Texas Tech coach Sharp to resign at year's end
LUBBOCK, Texas -- Hall of Fame coach Marsha Sharp, who won an NCAA title at Texas Tech and turned the school into a perennial national power, said Friday she is resigning at the end of the season.
To Do With Health
|Marsha Sharp's decision to resign has nothing to do with her health and in fact was something she discussed even before the season began, a source close to the program told ESPN's Nancy Lieberman.
Sharp, who on Friday announced she would resign at season's end, underwent an angiogram in late January to alleviate what was believed to be blockage in a single coronary artery. But the procedure revealed no blockage. No other abnormalities were found in extensive medical tests and Sharp soon returned to the sideline after missing one game.
According to the source, Sharp met with Texas Tech Athletic Director Gerald Myers prior to the season.
"She said she was tired and thought that this would probably be her last season," the source said.
School officials initially planned on formally announcing Sharp's decision to resign next week, perhaps in conjunction with the Lady Raiders' final home game of the season on Wednesday. But rumors began circulating and, after The Dallas Morning News said it would report the story in Saturday's edition, Tech officials scheduled Friday's news conference.
"I knew the time was right for me,'' Sharp told the Associated Press on Friday, adding that her health is fine and she's "good to go.''
The 53-year-old Sharp made the announcement near the end of a season marked by health problems and Tech dropping out of the Top 25 for the first time in more than a decade.
"I knew the time was right for me," said Sharp, who said her health is fine and she's "good to go."
During 24 seasons in Lubbock, Sharp has taken Tech to 16 straight NCAA appearances, reaching the Elite Eight four times and the Sweet 16 seven times. The Lady Raiders won the national title in 1993 when Sheryl Swoopes led them to a 31-3 record.
Texas A&M coach Gary Blair, a Tech alum, said Sharp was one of the first to show the women's game could gain widespread appeal and be marketed well.
"She built a dynasty at Texas Tech and did it with class, integrity, and teams that were well schooled on fundamentals," he said. "Good ladies can finish first."
Inducted into the Hall of Fame in 2003, Sharp hasn't had a losing season. This year could be different, though. Tech (13-12, 8-6 Big 12) has two conference games remaining before the Big 12 tournament in Dallas.
Sharp's final home game will be Wednesday against No. 9 Oklahoma. She is currently 570-187 overall at Texas Tech.
"She's been a leader in women's basketball for a long time," Tech athletic director Gerald Myers said. "It's a close to a great era."
Myers said the school -- which later released a statement clarifying that Sharp was resigning, not retiring -- will begin a national search to replace Sharp after the season, but didn't rule out current assistants. Sharp will continue to work with the school as associate athletic director of special projects and in that capacity "she's going to raise us some money," Myers said.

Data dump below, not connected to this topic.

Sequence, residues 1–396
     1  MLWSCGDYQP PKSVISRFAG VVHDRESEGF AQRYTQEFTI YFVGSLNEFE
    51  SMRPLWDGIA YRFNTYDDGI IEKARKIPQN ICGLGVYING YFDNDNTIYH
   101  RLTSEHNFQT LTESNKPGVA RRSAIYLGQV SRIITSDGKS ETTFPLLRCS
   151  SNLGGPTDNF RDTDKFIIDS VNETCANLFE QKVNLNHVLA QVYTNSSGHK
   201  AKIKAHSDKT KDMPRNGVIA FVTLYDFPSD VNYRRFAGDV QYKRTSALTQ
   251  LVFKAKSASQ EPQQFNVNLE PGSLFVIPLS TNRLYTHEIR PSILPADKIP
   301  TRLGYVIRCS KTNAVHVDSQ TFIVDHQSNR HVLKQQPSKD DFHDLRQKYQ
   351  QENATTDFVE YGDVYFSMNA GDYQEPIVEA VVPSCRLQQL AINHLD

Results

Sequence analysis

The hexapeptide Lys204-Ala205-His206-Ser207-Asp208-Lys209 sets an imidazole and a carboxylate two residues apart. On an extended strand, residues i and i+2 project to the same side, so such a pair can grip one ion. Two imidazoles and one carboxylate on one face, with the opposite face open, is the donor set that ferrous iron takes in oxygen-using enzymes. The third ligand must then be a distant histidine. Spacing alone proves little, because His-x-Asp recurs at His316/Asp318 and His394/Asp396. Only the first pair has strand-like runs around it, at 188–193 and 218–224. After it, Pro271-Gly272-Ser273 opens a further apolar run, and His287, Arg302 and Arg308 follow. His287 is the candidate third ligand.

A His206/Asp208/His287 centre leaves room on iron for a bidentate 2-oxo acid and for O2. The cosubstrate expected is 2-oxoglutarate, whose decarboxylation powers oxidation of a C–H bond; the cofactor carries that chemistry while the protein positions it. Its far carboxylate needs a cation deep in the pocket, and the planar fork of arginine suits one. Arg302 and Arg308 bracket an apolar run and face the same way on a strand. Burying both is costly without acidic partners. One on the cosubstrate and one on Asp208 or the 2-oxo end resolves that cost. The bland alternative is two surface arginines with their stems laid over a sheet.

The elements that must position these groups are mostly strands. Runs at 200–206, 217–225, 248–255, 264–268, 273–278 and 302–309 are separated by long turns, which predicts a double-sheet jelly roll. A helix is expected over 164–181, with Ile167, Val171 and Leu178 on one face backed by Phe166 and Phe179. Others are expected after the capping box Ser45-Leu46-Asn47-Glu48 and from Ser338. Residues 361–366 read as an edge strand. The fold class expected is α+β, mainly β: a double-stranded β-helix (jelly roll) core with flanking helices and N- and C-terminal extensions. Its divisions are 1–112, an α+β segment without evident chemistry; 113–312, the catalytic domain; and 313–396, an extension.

Sharp said she was staying in Lubbock but wouldn't rule out returning to coach a national or Olympic team.
"I'm not going to close any doors," she said.
Other Big 12 coaches said Sharp will be missed.
"Marsha is one of those solid people in our profession who has really been instrumental in the growth of our sport," Texas coach Jody Conradt said.
Sharp "represents everything that is good about women's basketball," said Sooner coach Sherri Coale. That couldn't help but rub off onto her program, she said.
"Everything about Texas Tech women's basketball is class," she said. "They just emanate class."
She said her non-life-threatening heart problem in January was "significant enough to get my attention," but her decision to leave was made before then.
Sharp said she told Tech administrators in October that this would be her last year and planned to make the announcement after the season, but media reports of her departure forced her to do it Friday.
Appearing to get choked up, Sharp said it was difficult explaining her decision to players Friday.
"I think, as you would expect, they're struggling just a little bit," she said. "There was some emotion from my side too."
Some players said they first heard about Sharp's plans from crawls on sports shows.
"It's kind of crazy when everyone is calling you saying 'what's happening?' and you have no idea," said Chesley Dabbs, who's been out for the season after knee surgery. "It's definitely going to take a toll on us the next couple of games."
Tech dropped out of the Top 25 in early December after 248 consecutive weeks beginning Jan. 12, 1992.
On Jan. 18, Sharp was taken to a hospital in Norman after suffering nausea and shortness of breath while participating in a short game-day shooting session before the Lady Raiders lost to Oklahoma.
Eight days later, she underwent an angiogram after tests suggested she had blockage in a coronary artery. The angiogram found no problem with the arteries or any heart damage, the university said in a release. Instead it found a muscle bridge or band over the left coronary artery that led to initial abnormal test results.
Sharp grew up in Tulia, a small ranching and farming community in the Panhandle, where she played three-on-three basketball. In 1974, she graduated from Wayland Baptist University in Plainview and went on to coach at Lockney High School for six years.
She came to Tech as an assistant in 1981 and took over as head coach the next season.
At her final home game, Myers said, the capacity of United Spirit Arena will be tested.
"We built this gym for 15,000," he said. "I don't think it will be big enough."
Copyright 2006 by The Associated Press
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